The Rushmore Report: Seven Principles that Make Marriage Work


John Gottman has provided seven principles that make marriage work in his latest book by the same name. The book seeks to debunk a number of what it calls myths about marriages and why they often fail. Gottman thinks outside the norm, offering suggestions you won’t find anywhere else. Along with his companion book, What Makes Love Last? this work gives hope to millions of couples struggling in their marriages.

These are Gottman’s seven principles to make marriage work.

1. Enhancing love maps

A “love map” is that part of one’s brain where one stores all the relevant information about one’s spouse, such as his or her worries, hopes, and goals. The map also goes into the spouse’s history and feelings. Gottman says happily married couples use their love maps to express not only their understanding of each other, but also their fondness and admiration as well.

2. Nurturing fondness and admiration

This involves meditating a bit on one’s partner and what makes you cherish him or her. The book suggests exercises such as thinking about incidents that illustrate characteristics one appreciates in the partner. There is a focus on happy events.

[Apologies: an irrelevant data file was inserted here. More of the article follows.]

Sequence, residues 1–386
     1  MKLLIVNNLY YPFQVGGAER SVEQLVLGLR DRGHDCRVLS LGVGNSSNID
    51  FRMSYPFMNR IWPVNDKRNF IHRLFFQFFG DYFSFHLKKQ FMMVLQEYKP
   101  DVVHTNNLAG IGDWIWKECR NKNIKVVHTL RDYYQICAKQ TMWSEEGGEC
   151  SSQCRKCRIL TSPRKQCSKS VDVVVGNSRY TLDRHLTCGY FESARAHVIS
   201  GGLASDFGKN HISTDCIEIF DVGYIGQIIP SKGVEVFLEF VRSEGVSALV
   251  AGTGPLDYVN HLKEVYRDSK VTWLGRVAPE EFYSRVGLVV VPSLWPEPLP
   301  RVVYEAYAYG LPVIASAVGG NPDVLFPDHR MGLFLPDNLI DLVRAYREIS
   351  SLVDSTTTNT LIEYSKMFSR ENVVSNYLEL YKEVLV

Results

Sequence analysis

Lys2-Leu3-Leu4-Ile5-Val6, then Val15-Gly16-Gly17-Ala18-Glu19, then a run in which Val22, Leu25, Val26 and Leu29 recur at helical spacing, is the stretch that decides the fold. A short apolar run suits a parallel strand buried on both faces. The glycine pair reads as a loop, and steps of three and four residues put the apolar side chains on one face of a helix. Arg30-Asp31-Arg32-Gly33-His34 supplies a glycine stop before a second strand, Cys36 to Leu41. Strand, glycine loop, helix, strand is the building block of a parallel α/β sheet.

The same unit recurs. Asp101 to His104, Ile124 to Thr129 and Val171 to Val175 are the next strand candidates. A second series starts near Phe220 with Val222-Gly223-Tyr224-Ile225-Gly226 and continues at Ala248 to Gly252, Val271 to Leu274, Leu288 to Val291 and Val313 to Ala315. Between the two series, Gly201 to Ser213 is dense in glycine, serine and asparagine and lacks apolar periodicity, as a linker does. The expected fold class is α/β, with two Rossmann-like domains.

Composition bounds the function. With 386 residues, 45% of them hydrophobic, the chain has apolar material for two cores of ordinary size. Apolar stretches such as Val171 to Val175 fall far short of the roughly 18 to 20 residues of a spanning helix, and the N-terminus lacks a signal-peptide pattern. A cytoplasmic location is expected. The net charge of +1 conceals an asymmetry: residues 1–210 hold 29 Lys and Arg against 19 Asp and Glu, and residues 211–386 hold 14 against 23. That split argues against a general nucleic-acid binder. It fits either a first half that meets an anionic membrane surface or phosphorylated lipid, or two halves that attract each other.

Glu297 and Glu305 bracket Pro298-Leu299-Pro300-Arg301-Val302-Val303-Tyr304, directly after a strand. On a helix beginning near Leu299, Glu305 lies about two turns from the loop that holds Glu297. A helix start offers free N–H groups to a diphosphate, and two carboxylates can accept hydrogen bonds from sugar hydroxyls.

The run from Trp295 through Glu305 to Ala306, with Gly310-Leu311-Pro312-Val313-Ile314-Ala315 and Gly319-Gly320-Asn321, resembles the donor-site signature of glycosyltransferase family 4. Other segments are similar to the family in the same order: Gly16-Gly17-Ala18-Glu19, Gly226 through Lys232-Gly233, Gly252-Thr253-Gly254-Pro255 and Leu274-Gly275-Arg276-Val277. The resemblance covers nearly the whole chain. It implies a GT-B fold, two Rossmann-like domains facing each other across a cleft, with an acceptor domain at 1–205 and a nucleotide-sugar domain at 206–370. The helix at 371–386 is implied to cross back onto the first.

3. Turning toward one another

This brings connection with the spouse. It means being there for each other during minor events, and responding positively to the spouse’s bids for attention, affection, humor, or support.

4. Accepting influence

Accepting influence means sharing power and making one’s spouse a partner in one’s decision-making by taking their opinions and feelings into account.

5. Solving solvable problems

Gottman’s model for conflict resolution involves softening the start of the discussion, learning to make and receive repair statements, and compromise. This is done while accepting each other’s faults.

6. Overcoming gridlock

According to Gottman, gridlock occurs when a conflict makes one feel rejected by the partner. Each spouse becomes entrenched in his or her position. To the contrary, successful compromise means exploring hidden issues that are really the cause of the gridlock.

7. Creating shared meaning

Gottman describes shared meaning as a spiritual dimension to marriage that has to do with creating an inner life together – a culture rich with symbols and rituals, and an appreciation for the spouse’s roles and goals.

About the Author

These excerpts are taken from John Gottman’s book, The Seven Principles for Making Marriage Work. Gottman has written other books, including What Makes Love Last?


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